Legal Aid

Minority firms 'will suffer under Carter'

PUBLISHED April 21, 2006

Competitive tendering for criminal legal aid contracts would have a ?disproportionate and adverse impact? on ethnic minority firms, an independent report that will inform the Carter review concluded last week.

Ethnic minority lawyers seized on the report as evidence that Lord Carter?s interim proposals for competitive tendering would breach the Race Relations Act 1976, and threatened legal action against the government if they are implemented.

The research was commissioned by the Legal Services Commission (LSC) last year to assess what effect its original plans for price-competitive tendering in London would have on ethnic minority firms, following pressure from the Black Solicitors Network (BSN).

The LSC?s proposals have now been shelved in favour of Lord Carter?s review of procurement. However, ethnic minority lawyers claim any adverse impact caused by the original proposals will be even greater under the Carter plan.

Sailesh Mehta, chairman of the Society of Asian Lawyers, said: ?We are astounded by the report, which confirms everything we have been saying. The parameter of the LSC proposals [was] not as difficult as the Carter proposals, which are based entirely on size. The report shows that if [the bidding] is based on size, there will be an even greater disproportionate effect on BME [black and minority ethnic] firms.

?The society would seriously consider instructing counsel to take legal action as soon as [Lord Carter?s interim proposals] were put into practice. This report confirms that the requirements in the Race Relations Act may well be breached. We are in discussions with the Carter team, but we do not see how they can get around this.?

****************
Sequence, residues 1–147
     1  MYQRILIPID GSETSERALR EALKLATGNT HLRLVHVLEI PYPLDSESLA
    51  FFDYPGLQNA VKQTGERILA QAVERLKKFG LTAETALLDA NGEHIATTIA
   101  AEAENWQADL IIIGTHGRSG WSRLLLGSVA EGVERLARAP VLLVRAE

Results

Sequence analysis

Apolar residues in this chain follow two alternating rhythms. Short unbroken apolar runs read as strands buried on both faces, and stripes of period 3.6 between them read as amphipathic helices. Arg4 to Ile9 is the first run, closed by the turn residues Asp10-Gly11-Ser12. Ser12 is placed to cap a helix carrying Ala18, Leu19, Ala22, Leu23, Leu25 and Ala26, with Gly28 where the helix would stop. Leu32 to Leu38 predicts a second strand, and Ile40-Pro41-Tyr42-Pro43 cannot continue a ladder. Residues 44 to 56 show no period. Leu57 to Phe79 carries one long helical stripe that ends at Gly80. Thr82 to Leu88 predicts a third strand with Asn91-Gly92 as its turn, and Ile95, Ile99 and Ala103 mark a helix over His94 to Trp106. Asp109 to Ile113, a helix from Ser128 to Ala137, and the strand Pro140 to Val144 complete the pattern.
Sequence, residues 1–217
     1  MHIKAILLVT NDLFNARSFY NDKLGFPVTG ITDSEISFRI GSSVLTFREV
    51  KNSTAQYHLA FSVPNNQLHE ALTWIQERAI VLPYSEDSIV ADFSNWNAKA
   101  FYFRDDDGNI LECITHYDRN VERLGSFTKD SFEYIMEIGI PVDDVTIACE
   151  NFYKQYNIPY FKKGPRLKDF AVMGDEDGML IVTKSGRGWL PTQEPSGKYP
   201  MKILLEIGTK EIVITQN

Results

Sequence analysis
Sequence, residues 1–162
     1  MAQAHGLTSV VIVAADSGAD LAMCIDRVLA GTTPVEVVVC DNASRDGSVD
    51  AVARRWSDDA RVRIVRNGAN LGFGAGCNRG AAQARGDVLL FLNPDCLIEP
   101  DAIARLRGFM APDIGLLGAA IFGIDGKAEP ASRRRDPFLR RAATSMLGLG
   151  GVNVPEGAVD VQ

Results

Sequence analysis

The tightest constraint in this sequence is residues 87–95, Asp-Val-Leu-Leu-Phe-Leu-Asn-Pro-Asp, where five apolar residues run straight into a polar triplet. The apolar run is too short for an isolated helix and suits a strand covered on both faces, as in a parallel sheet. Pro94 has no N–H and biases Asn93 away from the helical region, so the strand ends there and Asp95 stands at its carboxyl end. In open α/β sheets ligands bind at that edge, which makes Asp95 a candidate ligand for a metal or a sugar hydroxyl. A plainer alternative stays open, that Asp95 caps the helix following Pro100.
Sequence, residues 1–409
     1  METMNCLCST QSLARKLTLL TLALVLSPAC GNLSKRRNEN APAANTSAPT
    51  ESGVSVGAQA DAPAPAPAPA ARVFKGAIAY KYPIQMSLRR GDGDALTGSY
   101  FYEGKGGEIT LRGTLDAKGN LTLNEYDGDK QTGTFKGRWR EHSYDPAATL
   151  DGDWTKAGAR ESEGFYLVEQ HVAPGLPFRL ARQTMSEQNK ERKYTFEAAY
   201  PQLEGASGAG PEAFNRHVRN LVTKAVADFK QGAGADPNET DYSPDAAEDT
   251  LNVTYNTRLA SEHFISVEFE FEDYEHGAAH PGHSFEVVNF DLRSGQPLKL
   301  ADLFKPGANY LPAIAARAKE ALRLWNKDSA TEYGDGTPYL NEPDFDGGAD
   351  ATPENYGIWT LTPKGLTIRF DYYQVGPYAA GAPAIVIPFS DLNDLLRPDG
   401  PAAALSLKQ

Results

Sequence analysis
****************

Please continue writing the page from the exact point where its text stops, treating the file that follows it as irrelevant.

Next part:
The report, by research company MDA, said price-competitive tendering would disproportionately affect small firms. As ethnic minority firms are over-represented in the small category, it said they are ?most likely to lose out in the competition for contracts?.

Up to 102 ethnic minority firms in London could be excluded from the process if the LSC?s proposed minimum value of ?50,000 for contracts were introduced, the research found. BSN chairwoman Yvonne Brown said: ?The report leads to the conclusion that the proposals, as originally designed, were indirectly discriminatory and thus unlawful. [They] were rightly shelved.

?The BSN calls on Lord Carter to ensure that a similarly thorough equality impact assessment is undertaken prior to the publication of his final report? the original proposals and the current interim proposals of Lord Carter would not only severely damage the prospects of the owners of BME firms, but also the prospects of BME solicitors employed by these firms.?

Under Lord Carter?s current proposals, firms will be bidding against each other for criminal defence work by 2009. By then, the report predicts there will be a ?smaller number of larger, more efficient, good-quality suppliers.?

Law Society chief executive Janet Paraskeva said the report sent a ?clear signal? to Lord Carter that ?diversity issues must be considered fully before any changes are made to the legal aid system?.

A LSC spokesman said the research has been passed to Lord Carter.